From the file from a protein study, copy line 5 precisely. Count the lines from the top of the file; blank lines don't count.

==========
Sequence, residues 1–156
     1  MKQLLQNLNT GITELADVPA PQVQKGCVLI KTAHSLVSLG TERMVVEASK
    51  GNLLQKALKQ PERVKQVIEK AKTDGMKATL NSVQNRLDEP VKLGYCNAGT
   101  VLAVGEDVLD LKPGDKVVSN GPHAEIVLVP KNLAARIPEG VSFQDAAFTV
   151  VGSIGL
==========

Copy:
   151  VGSIGL